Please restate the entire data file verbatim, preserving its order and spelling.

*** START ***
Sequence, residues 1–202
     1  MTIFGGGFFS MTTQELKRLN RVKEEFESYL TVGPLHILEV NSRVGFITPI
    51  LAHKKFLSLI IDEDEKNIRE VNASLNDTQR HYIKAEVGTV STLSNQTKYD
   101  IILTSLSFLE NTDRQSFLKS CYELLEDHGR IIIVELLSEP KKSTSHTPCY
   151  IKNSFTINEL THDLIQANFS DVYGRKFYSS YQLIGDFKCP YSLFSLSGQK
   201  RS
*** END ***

Sequence, residues 1–202
     1  MTIFGGGFFS MTTQELKRLN RVKEEFESYL TVGPLHILEV NSRVGFITPI
    51  LAHKKFLSLI IDEDEKNIRE VNASLNDTQR HYIKAEVGTV STLSNQTKYD
   101  IILTSLSFLE NTDRQSFLKS CYELLEDHGR IIIVELLSEP KKSTSHTPCY
   151  IKNSFTINEL THDLIQANFS DVYGRKFYSS YQLIGDFKCP YSLFSLSGQK
   201  RS